The poems of Anne Champion’s debut collection, Reluctant Mistress, obsessively pick at the physical and emotional aspects of sexual relationships—often unhappily. The title is inspired by Cassandra, the beautiful woman whom the god Apollo loved and granted the gift of prophecy. Seeing is painful, though; Champion writes that Cassandra is “Apollo’s reluctant mistress,” aware that “what he gave me was a gift, / but the gift was the same as the curse.” Champion’s Cassandra “prays for the ability to take root somewhere.” Her prayer recalls another of Apollo’s reluctant lovers, the subject of Champion’s poem “Daphne, Upon Transformation.” To escape the handsome sun god’s unwanted advances, the nymph Daphne transfigures into a laurel tree. Neither Cassandra’s nor Daphne’s end is entirely happy.
While these poems, and a few others, live in the realms of Greek mythology, most have a solid—almost squalid—foothold in contemporary reality. In one poem there is a conversation with the landlady about whether turkeys or raccoons have upended the trashcan. In another, the speaker has a tryst with her lover in his bathroom so his child, elsewhere in the house, does not hear. The world of the poems is unbeautiful, a reality seen coldly in its imperfections and shabbiness.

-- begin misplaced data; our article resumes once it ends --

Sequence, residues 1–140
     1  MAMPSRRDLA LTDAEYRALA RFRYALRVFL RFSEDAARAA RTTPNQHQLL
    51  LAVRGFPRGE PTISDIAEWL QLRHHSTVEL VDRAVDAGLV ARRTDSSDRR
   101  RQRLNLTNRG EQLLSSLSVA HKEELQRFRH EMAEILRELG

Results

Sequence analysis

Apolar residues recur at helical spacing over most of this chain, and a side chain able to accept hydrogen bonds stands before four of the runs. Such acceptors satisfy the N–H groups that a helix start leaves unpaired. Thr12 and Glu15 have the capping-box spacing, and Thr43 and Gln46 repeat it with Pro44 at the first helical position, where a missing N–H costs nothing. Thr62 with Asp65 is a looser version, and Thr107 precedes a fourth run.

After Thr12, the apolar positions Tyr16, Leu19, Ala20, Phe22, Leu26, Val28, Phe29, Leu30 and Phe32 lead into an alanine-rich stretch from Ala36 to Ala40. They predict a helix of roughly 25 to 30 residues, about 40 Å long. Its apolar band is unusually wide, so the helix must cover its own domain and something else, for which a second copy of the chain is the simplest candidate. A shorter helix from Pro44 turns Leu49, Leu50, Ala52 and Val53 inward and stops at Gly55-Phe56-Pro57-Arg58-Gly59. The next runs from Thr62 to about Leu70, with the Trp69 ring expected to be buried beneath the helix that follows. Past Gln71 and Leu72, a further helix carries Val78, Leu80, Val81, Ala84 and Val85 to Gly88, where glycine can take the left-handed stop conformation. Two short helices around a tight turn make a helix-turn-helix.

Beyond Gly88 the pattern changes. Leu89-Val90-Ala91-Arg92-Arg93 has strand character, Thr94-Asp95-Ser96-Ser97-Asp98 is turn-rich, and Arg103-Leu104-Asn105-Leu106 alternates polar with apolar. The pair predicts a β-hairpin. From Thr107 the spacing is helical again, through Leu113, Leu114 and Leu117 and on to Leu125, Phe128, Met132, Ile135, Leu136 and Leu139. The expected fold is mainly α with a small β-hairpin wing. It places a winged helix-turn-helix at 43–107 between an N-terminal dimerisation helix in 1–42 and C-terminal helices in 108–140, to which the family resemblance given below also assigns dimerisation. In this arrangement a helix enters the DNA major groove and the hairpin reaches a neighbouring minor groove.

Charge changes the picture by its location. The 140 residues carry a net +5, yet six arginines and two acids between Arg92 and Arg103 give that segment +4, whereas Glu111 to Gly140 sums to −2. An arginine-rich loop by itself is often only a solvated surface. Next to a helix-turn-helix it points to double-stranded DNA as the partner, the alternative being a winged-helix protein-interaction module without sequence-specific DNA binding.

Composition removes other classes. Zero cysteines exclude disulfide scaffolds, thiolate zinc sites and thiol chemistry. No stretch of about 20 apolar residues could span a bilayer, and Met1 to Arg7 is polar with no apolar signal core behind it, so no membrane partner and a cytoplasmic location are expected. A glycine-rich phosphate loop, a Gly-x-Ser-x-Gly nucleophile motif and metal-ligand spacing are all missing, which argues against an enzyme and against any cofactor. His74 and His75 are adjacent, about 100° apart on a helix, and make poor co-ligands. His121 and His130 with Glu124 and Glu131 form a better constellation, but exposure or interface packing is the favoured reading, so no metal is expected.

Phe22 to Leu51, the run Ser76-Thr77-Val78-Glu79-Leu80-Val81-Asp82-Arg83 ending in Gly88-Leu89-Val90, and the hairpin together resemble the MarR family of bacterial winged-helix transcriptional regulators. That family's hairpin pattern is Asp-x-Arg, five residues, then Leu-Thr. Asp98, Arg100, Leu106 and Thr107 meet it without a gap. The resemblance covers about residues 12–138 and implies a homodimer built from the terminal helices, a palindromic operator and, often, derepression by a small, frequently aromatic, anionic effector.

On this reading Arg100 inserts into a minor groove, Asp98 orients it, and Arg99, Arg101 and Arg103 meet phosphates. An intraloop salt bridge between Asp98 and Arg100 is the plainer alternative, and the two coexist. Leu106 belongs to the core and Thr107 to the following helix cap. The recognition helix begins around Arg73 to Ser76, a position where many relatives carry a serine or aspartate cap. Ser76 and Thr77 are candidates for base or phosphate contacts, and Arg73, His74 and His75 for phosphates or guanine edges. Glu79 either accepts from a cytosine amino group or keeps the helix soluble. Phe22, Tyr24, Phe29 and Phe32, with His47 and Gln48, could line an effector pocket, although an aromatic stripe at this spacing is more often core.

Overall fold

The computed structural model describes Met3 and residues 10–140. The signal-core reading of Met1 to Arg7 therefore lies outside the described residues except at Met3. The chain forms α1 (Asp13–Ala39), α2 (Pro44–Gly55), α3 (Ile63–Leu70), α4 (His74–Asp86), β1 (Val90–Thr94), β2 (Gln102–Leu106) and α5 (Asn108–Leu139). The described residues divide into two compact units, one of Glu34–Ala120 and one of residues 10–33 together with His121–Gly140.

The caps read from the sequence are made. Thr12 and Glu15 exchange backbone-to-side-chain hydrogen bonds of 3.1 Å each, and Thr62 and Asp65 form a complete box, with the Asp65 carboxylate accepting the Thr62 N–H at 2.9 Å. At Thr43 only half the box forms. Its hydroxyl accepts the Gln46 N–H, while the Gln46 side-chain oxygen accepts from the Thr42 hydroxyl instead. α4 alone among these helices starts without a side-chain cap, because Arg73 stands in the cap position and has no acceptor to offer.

The relationships that fail or dissatisfy in some way, leaving the speaker alone, belong to this world, where the mistress knows her gift is also a curse. The awareness of the women in the poems is curse-blessing; they have no illusions that the married men they are seeing will leave their wives, or that the reconciliations with the exes will happen. The titles alone give away this sense: “End of the Affair,” “The Way you Left,” “Eros’ Defeat,” “Villanelle for Past Lovers,” “After You Cheat,” and “The Morning After,” to name a few. Even “Reconciling with the Ex,” despite the title, has no reconciliation, but rather the acknowledgement that any future with this former lover is a “childlike delusion.”
Ambivalence towards romantic relationships is most explicit in the descriptions of sex, which are often clinical and off-putting. Champion’s descriptions of the act present it as mechanical and ugly. “Ode to the Places We Fuck” has some particularly unpleasant images: sex in a playground is described with “torsos skewered upon the abandoned;” there is sex in a bathroom stall, a “vomit pit.” In “Wild Things” the language turns animalistic, with Champion’s speaker “in heat” and “bending over to be mounted” like a baboon; she says herself that there is “nothing tenderly human about it.” The language is ugly as hell. It makes the poems difficult to read at times, this utter lack of redemption.
The best poems are Champion’s longer, multi-part pieces like “Words” and “Inheritance,” which in their extended length also manage a grain of tenderness and develop an idea over several discrete sections. “Words,” for instance, is more playful than most of the pieces in the collection. Consider the first stanza:
We tossed them back and forth
like grade school dodge ball champs.
Every time I ducked beneath one,
I watched it sprout dark feathers
and hover above us,
a vulture circling
long after the conversation turned
to something more appropriate.